Send to

Choose Destination
Neurosignals. 2008;16(2-3):140-53. doi: 10.1159/000111559. Epub 2008 Feb 5.

Rapid estrogen signaling in the brain.

Author information

Institute of Molecular Medicine and Genetics, Medical College of Georgia, Augusta, GA 30912, USA.


Estrogen has multiple actions in the brain to modulate homeostasis, synaptic plasticity/cognition and neuroprotection. While many of these actions undoubtedly involve mediation via the classical genomic mechanism of regulation of transcription of genes via estrogen nuclear receptors, there has been growing interest in the rapid nongenomic effects of estrogen and the role they may play in the neural actions of estrogen. In this review, we will focus on these rapid nongenomic actions of estrogen in the brain and discuss the potential physiological significance of these actions. The evidence for rapid estrogen regulation of cell signaling pathways, including calcium, ion channel and kinase signaling pathways in the brain will be reviewed, as will evidence derived from plasma-membrane impermeable estrogen-peptide conjugates in the regulation of these cell signaling pathways. Evidence supporting classical and nonclassical estrogen receptor localization to the plasma membrane of neurons will also be reviewed, including the putative new membrane estrogen G-protein-coupled receptor, GPR30. Precisely how membrane estrogen receptors couple to kinase signaling pathways is unclear, but we will discuss the latest findings on estrogen receptor-interacting scaffold proteins, such as MNAR/PELP1, striatin and p130Cas, which are capable of linking estrogen receptors and kinases such as Src and PI3K, to potentially mediate estrogen-induced kinase signaling. Finally, we will review the growing evidence that rapid membrane-mediated effects of estrogen play an important physiological role in the neural actions of estrogen in the brain, including estrogen feedback control and modulation of homeostasis, regulation of synaptic plasticity/cognition, and estrogen-mediated neuroprotection.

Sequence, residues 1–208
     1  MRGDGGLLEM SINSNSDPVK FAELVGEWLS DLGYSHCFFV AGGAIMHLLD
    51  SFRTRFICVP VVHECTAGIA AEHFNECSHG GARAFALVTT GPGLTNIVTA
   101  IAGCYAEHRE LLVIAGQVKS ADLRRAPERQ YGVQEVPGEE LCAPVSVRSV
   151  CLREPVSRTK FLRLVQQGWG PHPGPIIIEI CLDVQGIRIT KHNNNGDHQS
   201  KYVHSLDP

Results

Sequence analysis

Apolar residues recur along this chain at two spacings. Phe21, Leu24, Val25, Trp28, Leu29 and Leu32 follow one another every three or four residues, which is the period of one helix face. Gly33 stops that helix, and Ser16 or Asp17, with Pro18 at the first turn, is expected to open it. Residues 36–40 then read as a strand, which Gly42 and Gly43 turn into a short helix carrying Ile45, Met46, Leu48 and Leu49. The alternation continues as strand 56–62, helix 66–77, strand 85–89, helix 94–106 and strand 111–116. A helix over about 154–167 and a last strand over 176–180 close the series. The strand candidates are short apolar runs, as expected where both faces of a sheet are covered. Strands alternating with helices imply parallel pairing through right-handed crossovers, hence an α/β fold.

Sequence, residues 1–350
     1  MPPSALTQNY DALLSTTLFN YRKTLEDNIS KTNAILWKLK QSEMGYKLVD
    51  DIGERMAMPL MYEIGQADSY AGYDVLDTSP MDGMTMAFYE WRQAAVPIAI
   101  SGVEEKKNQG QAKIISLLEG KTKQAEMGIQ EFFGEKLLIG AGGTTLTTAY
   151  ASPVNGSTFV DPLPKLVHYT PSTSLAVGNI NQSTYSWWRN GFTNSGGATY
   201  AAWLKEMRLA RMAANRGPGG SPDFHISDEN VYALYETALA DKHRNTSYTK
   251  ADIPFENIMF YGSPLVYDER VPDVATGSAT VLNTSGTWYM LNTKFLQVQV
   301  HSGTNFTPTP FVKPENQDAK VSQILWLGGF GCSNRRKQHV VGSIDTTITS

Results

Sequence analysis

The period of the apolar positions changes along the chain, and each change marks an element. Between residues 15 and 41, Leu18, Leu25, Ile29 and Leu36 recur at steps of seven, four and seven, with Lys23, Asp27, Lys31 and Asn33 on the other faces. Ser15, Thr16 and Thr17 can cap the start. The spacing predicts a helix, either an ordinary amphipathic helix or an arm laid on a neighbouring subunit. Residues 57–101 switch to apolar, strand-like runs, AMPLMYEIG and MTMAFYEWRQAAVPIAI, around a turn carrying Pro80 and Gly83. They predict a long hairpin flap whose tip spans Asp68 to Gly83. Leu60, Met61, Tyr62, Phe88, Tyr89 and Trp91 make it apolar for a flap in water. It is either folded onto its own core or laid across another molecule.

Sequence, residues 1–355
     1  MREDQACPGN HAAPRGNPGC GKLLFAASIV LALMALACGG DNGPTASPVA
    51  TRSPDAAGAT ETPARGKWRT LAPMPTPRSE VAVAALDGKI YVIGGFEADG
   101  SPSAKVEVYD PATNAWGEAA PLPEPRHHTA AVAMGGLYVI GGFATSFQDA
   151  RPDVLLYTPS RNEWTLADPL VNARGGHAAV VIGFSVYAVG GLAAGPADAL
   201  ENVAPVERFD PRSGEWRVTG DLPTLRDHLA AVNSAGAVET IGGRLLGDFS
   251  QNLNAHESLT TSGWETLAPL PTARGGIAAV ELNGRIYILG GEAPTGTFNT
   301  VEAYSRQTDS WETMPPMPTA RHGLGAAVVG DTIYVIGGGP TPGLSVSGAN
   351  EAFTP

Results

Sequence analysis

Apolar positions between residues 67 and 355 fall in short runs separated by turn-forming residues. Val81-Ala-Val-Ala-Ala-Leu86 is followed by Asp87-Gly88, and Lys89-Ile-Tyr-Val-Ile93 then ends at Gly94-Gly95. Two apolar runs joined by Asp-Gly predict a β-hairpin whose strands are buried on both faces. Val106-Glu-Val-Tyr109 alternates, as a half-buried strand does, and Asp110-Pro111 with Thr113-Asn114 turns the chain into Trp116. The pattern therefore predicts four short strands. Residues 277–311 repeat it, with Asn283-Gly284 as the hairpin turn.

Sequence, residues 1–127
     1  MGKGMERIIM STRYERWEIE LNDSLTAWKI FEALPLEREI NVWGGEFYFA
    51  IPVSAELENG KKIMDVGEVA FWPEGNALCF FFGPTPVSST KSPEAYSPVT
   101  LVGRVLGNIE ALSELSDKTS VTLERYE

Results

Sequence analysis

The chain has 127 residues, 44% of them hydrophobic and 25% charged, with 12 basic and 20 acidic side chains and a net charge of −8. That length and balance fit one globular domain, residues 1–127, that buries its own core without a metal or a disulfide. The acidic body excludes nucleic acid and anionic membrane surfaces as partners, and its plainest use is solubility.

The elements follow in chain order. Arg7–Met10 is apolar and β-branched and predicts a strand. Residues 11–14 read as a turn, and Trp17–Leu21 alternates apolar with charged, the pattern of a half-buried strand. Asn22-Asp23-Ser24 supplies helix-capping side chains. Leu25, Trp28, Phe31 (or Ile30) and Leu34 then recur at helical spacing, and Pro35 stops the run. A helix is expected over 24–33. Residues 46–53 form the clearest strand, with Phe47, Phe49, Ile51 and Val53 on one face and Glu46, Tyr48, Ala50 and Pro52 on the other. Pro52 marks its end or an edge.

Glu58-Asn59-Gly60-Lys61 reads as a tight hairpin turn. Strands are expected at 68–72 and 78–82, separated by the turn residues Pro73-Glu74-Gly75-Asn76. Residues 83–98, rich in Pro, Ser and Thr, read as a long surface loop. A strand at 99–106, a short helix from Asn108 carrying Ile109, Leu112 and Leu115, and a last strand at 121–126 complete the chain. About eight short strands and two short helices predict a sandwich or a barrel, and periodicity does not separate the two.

[Indexed for MEDLINE]
Free full text

Supplemental Content

Full text links

Icon for S. Karger AG, Basel, Switzerland
Loading ...
Support Center